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At age 74 my father got his first new bicycle

by Steve Giordano
High on Adventure, January 2020


My dad on his new bike
Roy S Giordano, Esq. 1991


  ``Just think how far from the house I can get on this,'' said my Dad on his new bicycle. I haven't seen the same gleam in his eye for years, not since he mastered the art of baking hollow rolls. But that's another story.

    'Twas the day after Christmas, and he thought a half-price mountain bike might be just the thing for his exercise program. He wasn't sure about the 21 gears and four shift knobs, but he liked the way it climbed hills in low, low granny gear. And half off of $750 was a heck of a deal. He's a power hill- walker, and thought the bike was actually easier than walking.

    ``Bikes sure have changed in 60 years,'' he said, as he
remembered the fun and freedom of his boyhood bike treks in the 1920's. His first bike had wooden wheels.

    So he got the bike.

    ``If my 50-year-old son can take up scuba diving, I can surely take up bicycling at the age of 74,'' he said.

    ``Hey Steve,'' said the shop owner, ``Does anyone in your family ever grow up?'' He knows my wife is nursing a broken leg from figure skating.

    ``Nah,'' I answered. ``We always model ourselves on the youngest member of the family, and she's five.''

    Dad took four rides over the next few days, usually alone so he could concentrate on the mechanics of the machine. Not bad for a guy from Southern California riding the winter streets of Bellingham. His smile was bigger each time he rolled back to the house.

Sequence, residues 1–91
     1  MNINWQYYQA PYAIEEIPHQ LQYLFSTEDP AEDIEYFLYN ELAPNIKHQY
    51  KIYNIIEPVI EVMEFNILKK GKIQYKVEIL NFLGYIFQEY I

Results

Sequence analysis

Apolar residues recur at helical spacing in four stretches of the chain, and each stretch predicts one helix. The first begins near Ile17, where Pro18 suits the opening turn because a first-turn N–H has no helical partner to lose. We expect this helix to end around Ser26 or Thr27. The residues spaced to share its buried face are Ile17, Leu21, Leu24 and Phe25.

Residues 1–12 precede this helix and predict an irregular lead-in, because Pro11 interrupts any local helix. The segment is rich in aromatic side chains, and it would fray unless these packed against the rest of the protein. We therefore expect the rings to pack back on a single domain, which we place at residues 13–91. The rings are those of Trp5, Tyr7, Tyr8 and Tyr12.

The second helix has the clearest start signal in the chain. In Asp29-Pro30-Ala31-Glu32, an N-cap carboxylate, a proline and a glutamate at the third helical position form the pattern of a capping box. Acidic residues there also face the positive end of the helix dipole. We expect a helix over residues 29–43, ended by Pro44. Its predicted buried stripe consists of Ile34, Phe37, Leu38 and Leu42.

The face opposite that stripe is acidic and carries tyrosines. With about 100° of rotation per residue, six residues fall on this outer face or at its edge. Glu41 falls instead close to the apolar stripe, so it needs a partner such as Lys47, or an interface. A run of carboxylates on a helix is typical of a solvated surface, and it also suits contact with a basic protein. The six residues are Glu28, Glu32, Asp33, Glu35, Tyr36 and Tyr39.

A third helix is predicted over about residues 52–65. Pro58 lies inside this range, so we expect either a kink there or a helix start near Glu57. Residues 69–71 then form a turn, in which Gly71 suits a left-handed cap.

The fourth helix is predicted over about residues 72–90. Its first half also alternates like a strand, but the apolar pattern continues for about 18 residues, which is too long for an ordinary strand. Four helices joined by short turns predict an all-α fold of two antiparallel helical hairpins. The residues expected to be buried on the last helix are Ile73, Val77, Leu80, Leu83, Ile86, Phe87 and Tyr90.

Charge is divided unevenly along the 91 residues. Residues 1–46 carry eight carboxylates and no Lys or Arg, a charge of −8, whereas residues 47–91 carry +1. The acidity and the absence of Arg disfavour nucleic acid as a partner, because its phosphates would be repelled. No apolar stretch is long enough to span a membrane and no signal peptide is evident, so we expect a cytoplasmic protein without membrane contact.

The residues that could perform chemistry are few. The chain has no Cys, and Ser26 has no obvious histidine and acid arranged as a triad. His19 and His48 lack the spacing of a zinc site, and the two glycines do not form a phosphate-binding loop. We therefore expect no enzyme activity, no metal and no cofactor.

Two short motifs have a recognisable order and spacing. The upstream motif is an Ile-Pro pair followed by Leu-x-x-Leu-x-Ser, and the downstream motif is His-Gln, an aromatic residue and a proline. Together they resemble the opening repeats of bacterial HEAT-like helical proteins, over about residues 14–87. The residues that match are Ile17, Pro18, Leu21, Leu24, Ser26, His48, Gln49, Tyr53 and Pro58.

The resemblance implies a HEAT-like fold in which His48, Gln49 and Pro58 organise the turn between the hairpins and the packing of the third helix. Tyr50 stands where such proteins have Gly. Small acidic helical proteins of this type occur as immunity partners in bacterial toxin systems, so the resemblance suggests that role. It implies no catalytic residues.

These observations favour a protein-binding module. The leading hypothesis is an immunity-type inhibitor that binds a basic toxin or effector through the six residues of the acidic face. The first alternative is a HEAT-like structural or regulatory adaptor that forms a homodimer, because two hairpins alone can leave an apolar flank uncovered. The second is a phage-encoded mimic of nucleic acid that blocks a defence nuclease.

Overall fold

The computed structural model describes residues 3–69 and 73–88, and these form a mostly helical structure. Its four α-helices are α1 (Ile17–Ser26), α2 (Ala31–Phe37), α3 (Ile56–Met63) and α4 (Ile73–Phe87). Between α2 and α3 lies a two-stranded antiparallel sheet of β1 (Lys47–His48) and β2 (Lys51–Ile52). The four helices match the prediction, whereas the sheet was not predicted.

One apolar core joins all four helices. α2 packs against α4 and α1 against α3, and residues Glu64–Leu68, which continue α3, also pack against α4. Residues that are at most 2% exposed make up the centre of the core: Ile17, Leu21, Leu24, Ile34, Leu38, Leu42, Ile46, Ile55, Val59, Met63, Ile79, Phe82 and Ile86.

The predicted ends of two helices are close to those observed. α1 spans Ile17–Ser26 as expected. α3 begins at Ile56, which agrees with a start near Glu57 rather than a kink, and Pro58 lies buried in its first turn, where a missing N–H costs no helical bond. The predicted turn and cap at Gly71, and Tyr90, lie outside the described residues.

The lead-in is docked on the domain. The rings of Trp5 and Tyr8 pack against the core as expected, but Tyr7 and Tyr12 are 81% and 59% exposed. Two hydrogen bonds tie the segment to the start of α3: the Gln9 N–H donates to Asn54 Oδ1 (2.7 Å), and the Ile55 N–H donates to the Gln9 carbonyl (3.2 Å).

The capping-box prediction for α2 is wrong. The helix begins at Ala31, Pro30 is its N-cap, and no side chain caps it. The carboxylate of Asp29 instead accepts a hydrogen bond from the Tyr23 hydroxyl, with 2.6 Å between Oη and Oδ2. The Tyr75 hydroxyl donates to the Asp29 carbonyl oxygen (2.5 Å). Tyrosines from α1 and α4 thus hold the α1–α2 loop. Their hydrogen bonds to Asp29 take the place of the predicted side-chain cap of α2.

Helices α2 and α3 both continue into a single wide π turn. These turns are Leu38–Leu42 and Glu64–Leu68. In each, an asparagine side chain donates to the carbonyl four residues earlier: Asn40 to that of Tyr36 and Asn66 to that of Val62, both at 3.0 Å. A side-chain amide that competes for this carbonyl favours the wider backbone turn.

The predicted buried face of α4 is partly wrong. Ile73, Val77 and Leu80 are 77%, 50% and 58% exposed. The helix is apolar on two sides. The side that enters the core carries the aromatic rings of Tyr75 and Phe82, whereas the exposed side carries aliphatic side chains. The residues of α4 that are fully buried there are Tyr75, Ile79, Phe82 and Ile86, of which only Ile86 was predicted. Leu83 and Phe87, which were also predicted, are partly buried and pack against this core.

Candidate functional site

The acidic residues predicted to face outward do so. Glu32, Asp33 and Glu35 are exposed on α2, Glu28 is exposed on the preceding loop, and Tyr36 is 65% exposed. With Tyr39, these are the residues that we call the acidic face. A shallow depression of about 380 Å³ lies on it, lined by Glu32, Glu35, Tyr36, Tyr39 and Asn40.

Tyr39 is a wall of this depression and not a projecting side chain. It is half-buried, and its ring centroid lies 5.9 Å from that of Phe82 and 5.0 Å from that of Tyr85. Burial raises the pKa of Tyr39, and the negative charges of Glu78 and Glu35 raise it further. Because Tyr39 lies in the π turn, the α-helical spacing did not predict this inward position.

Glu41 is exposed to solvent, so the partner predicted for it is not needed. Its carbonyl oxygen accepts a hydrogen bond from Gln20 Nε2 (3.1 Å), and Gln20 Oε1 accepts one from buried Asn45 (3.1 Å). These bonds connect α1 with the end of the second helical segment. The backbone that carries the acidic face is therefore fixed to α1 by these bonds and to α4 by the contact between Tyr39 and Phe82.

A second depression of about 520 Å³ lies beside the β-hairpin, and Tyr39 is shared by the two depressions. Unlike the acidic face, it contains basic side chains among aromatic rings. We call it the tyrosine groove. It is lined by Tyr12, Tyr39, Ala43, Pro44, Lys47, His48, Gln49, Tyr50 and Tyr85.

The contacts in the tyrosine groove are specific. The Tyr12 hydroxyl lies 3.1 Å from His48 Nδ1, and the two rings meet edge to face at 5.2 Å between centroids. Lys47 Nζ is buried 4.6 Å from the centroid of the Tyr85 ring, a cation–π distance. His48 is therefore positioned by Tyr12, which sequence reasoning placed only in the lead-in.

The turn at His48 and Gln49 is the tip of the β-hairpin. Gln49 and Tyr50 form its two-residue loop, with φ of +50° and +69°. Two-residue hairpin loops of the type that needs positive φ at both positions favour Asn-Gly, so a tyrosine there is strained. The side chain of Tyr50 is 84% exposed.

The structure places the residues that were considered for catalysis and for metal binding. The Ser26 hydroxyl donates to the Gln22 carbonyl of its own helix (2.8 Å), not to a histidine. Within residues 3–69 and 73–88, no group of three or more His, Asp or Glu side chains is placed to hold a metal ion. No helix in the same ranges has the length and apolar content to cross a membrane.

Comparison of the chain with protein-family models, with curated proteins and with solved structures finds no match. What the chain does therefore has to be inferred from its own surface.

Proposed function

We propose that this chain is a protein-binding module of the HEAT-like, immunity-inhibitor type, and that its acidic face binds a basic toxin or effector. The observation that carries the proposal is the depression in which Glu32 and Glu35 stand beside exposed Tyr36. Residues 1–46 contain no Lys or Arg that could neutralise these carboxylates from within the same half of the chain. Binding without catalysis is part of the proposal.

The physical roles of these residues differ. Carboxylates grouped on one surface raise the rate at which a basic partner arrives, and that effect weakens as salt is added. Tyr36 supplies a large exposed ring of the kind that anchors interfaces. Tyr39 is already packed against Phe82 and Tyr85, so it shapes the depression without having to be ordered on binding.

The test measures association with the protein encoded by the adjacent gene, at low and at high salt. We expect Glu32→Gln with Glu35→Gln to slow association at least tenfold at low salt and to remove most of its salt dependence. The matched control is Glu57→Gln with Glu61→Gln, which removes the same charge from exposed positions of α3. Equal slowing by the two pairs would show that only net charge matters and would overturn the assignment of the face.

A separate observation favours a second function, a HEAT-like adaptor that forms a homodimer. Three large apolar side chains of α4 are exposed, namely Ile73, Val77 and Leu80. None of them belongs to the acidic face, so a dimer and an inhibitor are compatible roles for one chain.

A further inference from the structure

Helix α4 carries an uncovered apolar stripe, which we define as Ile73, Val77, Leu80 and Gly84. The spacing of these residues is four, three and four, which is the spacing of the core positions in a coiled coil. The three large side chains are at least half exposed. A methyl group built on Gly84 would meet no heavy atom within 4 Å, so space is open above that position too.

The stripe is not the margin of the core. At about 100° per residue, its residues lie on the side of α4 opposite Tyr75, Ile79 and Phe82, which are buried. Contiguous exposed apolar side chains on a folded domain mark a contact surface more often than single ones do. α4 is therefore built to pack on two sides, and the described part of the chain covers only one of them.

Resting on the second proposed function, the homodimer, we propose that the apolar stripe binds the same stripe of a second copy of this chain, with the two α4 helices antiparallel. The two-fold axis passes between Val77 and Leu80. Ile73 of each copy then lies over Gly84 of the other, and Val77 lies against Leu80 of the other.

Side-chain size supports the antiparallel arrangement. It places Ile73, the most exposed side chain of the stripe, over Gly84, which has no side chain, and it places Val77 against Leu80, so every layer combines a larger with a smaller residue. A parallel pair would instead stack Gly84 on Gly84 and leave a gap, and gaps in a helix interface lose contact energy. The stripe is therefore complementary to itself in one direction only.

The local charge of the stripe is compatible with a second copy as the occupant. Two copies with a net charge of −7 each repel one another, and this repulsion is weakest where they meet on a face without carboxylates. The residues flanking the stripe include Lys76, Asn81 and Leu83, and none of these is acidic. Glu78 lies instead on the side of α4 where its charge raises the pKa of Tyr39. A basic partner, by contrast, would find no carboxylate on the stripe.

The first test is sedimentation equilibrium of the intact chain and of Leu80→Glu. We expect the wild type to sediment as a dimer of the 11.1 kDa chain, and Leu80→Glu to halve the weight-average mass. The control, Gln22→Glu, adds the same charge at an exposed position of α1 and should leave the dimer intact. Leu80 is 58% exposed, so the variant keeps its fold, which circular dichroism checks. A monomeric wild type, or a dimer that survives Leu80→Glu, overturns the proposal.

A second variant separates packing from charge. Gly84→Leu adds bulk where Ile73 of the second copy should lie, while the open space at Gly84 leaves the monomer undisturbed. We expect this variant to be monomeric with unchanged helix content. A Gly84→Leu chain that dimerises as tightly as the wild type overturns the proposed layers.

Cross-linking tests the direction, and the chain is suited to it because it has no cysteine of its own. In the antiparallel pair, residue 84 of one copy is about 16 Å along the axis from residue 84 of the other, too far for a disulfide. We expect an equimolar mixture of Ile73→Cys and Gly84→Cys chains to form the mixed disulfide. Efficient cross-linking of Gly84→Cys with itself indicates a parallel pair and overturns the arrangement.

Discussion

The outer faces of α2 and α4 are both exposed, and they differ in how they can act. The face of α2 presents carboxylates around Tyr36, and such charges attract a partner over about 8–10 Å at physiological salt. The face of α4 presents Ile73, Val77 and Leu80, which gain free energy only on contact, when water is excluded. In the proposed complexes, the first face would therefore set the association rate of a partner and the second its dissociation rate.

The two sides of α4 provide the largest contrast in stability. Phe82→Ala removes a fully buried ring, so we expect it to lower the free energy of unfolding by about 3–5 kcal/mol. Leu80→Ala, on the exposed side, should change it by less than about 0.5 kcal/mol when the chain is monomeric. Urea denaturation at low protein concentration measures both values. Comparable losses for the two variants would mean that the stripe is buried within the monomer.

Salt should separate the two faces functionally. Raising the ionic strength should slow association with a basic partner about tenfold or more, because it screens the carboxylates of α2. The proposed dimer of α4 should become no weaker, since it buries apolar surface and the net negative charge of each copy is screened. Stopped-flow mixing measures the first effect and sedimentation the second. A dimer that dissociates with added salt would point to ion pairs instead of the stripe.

After all of Mom's cautions about traffic on city streets, she got inspired by his enthusiasm. ``Maybe when we get home I can try it out on a flat street,'' she said.

    The bike was to be shipped UPS by the dealer after my folks flew home. Dad called about a week later wondering where the hell the bike was. He'd bought a helmet and tire pump, and his backpack was packed to ride. But no bike. Oops. It hadn't left the shop yet.

    But his real concern was a medical exam he'd undergone that day. His cardiologist gave him a treadmill stress test to check out a heart valve flutter, and told him not to do anything strenuous for a week until they could talk over the results.

    Nothing strenuous meant no biking, no hill walking, no fishing for anything over two pounds and no opening the garage door until he bought an electric garage door opener.

    I told him to find a new doctor, someone who knew about sports cardiology. I get winded trying to keep up with him on walks and remember his endurance on an uphill run a few years back.

    It turns out that his doctor had tried bicycling in Italy last summer and couldn't handle the hills. He doesn't know about mountain bikes, but figured that if he couldn't do it, then Dad shouldn't either.

    One of the clinic's technicians was sympathetic, and said he had a good idea. ``Like getting a new doctor?'' asked Dad. ``No. Nothing like that,'' the tech answered. ``But I've got this friend in radiology who's looking for a mountain bike, and he'll give you $500 for yours.''

    No sale. Dad has more gleam left than to cash in for a short-term profit. But as a compromise, we were to hang on to the boxed-up bike for a week, and send it if and when the doctor said it was ok.

    It was a long week of waiting for the doctor's conference with Dad. The boxed bicycle in the garage was a constant reminder of the frailty of human life, yet also of its enthusiasms and joys.

    He even boxed his bike helmet and pump, ready to return them to the store if the doctor told him to sit in a chair for the rest of his life.

    But it wasn't to be.

    ``You're going to die someday, but it won't be of a heart attack,'' said the doctor after going over all the stress and medical test results. ``Go ahead and ride the damned thing, but take it easy on the hills.''

    We can't send it just yet though. He wants to be home when it gets there. But first he and Mom are out of town to celebrate my grandmother's 94th birthday and then to dig some clams on the Baja Peninsula.

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